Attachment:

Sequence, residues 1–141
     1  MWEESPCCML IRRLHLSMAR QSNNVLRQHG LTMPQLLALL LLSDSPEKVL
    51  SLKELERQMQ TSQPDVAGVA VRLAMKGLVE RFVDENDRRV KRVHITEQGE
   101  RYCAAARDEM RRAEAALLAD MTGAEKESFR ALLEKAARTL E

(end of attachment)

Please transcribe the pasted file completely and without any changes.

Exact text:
Sequence, residues 1–141
     1  MWEESPCCML IRRLHLSMAR QSNNVLRQHG LTMPQLLALL LLSDSPEKVL
    51  SLKELERQMQ TSQPDVAGVA VRLAMKGLVE RFVDENDRRV KRVHITEQGE
   101  RYCAAARDEM RRAEAALLAD MTGAEKESFR ALLEKAARTL E